Overseas: how are metropolitan residents perceived in Martinique?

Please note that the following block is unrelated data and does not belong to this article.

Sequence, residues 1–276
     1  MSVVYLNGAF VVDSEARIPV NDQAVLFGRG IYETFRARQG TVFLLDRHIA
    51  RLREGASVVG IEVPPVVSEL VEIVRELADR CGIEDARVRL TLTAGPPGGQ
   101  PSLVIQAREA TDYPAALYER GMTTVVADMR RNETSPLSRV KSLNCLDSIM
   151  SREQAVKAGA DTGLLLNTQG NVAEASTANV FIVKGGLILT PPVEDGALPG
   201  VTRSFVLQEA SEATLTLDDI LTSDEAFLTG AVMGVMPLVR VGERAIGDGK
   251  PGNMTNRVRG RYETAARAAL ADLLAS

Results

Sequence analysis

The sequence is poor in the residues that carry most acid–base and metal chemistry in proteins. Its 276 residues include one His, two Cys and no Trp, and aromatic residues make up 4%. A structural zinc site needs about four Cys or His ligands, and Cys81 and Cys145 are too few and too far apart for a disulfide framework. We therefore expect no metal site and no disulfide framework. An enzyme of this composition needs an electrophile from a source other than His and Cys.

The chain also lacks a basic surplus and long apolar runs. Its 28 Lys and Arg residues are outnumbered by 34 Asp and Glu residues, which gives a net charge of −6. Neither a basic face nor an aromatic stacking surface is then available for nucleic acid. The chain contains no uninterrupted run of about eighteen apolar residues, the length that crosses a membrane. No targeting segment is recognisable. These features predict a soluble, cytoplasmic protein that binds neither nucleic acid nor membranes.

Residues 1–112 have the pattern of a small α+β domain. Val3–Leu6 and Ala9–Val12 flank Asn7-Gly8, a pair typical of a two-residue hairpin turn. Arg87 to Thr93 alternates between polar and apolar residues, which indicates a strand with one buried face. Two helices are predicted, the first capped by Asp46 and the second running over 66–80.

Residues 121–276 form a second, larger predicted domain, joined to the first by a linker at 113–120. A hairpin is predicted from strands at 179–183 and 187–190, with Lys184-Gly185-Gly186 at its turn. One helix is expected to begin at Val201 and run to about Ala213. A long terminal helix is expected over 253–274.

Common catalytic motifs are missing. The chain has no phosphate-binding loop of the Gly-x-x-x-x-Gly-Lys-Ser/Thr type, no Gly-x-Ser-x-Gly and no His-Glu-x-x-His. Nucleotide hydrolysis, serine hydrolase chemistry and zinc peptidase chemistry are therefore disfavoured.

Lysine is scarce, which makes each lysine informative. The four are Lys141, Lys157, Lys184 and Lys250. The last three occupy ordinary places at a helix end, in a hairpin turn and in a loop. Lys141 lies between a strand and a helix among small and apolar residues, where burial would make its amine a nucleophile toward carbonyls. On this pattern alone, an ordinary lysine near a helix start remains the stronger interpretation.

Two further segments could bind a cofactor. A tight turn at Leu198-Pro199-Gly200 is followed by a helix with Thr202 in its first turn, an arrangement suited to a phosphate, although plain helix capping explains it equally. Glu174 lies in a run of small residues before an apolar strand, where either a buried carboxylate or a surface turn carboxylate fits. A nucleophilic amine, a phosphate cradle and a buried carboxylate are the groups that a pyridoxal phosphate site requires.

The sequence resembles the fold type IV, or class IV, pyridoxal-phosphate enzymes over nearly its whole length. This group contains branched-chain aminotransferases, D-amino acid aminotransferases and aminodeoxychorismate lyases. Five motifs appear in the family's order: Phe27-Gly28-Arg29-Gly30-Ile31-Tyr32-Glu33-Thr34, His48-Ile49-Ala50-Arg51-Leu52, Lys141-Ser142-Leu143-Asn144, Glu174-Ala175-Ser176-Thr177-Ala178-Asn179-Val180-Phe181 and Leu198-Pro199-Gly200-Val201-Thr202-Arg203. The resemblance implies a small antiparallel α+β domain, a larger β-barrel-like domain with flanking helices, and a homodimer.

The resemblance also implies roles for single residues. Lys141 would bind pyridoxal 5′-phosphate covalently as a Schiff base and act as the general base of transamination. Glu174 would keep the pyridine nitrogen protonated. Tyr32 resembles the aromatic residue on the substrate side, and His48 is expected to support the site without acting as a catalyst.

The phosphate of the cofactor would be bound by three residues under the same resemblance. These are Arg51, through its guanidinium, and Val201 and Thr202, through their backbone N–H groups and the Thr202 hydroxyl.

19:05, 19 August 2022 A government reshuffle that puts the Ministry of Overseas Territories under the supervision of the Home Office and a debate in the National Assembly that rejects the amendment on adaptation of the bonus of purchasing power in overseas territories will have been enough to reactivate tensions between foreign and French politicians. These tensions must be reflected with others that exist within the same territories where the overseas and metropolitan live. Our recent book explores these complex identities and interactions based on a field survey conducted between 2010 and 2014 on the metropolitan population of Martinique, updated between 2016 and 2020. To better understand the meaning of their presence in these far-flung French territories of France, and in that they are immediately assimilated to migrants by the local population, we have interviewed metropolitans in Martinique from their migration project, their experience there, to their prospects of staying or leaving. Many are the topics linked to this migratory experience and which highlight the tensions between metropolitans and the local population. Whether it is the local preference for employment, the fight against real estate speculation, the defense of tangible and intangible cultural heritage, the opposition to the authorities in the face of the health crisis management (Covid-19), these issues build representations of the social relations between the groups present, the public on these divisive issues sometimes adopts the tone of humor/mockery, sometimes that of social, cultural or political vindication. Beyond the perception that metropolitans have of themselves, as well as the way in which they are perceived by the local population. , it is important to see what place the discourse of the actors occupies in the local public space. Who are the metropolitans? The metropolitans are first of all these white settlers who come to settle in another land from the colonial metropolis during the 17th century Having become planters, today they are culturally dissociated from it, through the creolization carried out over several generations (Békés) The term metropolitan then qualifies those who form new waves of arrival, through the operational positions of the colonial State local (governor, administration). , army, nursing staff, and from 1870, teaching staff) until 1946 with law 46-451 which tends to the classification as French departments of Guadeloupe, Martinique, Reunion and French Guiana. From the 70s and 80s, the effects of legislation and specific taxation measures favored and diversified metropolitan migration. Officials and private entrepreneurs, encouraged by the economic benefits (surcharges, tax exemptions, etc.), are now joined by retirees (quiet life, favorable climate, etc.), small artisans who are sometimes “adventurers” (earning – know life well). , earn money, etc.) or even people in a precarious situation (poverty less visible in the sun) Whatever the motivation underlying the desire to emigrate, metropolitans plan ahead. Even those who are the object of a professional assignment (three or four consecutive years), have previously spent holidays there or have benefited from friends on site who have ensured the transition to this step. Here is something of the order of protocol and industry, fueled by a kind of imagination of the French tropics. Finally, the metropolitans are those white French from France who go abroad for professional or personal reasons, and stay there for a variable period. . They are part of the socio-historical construction of these French possessions Read also – Fuel prices in overseas France: “A discount at the pump would not be a luxury, but a principle of equality” A “double presence” of the French In France, none French has called itself metropolitan since the beginning, while abroad, no one is surprised by this designation, not even those who are trapped in this categorization. The qualification is considered as if the relationship with the former colonial metropolis continues to define a “double presence” of the French in these former colonies. We grasp the bias of this social construction when we observe that there are several ways of identification available to the actors. .). They develop forms of circulation and anchoring in relation to their projects, of course, but in pre-established formal social frameworks that are familiar to them, their arrival, they build sealing zones: places of residence, choice of school, type of leisure Others think of their inclusion through “localism”, try to get closer to local universes, respect the social distances conducive to their recognition (participation in local festivals, respect for social rhythms, friendly and family relationships). A quantitative study yet to be done should provide a refined representation of the forms and degrees of integration of the metropolitan population on the ground. designating them alone, as French when the overseas are also French, leads to suspect separatism of whoever designates. It is the autonomy of the actors, through different identification processes that are offered to them, that allows us to grasp at what moment the metropolitan ceases to be a “migrant”. It is she, again, who authorizes any non-white person from France to perceive themselves and/or be perceived as a metropolitan. A separate media treatment? Trapped by the discourses of which he is the object, the metropolitan also comes from media formats. Its phenotype and tonic accent, stigmas in terms of social representations, highlight the stereotypes of a homogeneous group far from the local population, and whose members appear socially dominant. Also read – Covid-19: 186 personalities and associations write to Macron to denounce the lack of resources in the Overseas TerritoriesA continuum of discourse on overseas metropolitan migration, limited by the time of daily life on the one hand, and the time of social crises on the other, reveals a thematic permanence related to this migration, but also a similarity in their forms of treatment. Metropolitans are often mocked by local populations who hold a number of prejudices against them. These categorizations present ways of looking at those who come from “out there” (them versus us); they are periodically revisited by artists who address recurrent situations in these intergroup relations. Exacerbated inequalities All these stereotypes refer to cultural difference as much as they reveal exacerbated social inequalities. Experiencing their numerical minority in situ, the metropolitans note the differences between the metropolis and overseas territories that they question through complaints and value judgments, or in the sense of adaptation to local life. their role as dominant social actors). Either they are representatives of the state in situ, or they have the economic, financial or cultural power, except that here, the troublemakers belong to the ethnic majority of the population of the territory. Other less extreme social relationships involving teaching or care staff, business leaders or service managers lend themselves to the same analysis. Visible frustrations and imbalance The metropolitan presence enjoys favorable conditions while all poverty indicators are higher than those of France, the which never ceases to awaken. frustration and complaints against unfair situations experienced in situ. This observation is no less real despite the remarkable evolution of the spectrum of migrants, from the figure of the safe “expatriate” to that of the ill-informed “adventurer”, concrete and visible territorial inscription. Overrepresented in coastal tourist areas, they are present in other business areas, compared to sectors with less facilities and activities. If there is a personal part in the desire to emigrate from metropolitan France to the overseas territories, it seems difficult to rule out the system effect through the action of political and institutional, legislative and administrative, economic and social, cultural and artistic support , a migration towards transnational representations. For the most part, and whatever their ideological orientation, metropolitans do not reflect on the place they occupy, the role they collectively play abroad. The denial of colonial history is embedded in the meanings given to the evidence of its presence in these territories, which could well constitute the singularity of this migration. This article is republished from The Conversation under a Creative Commons license. Read the original article.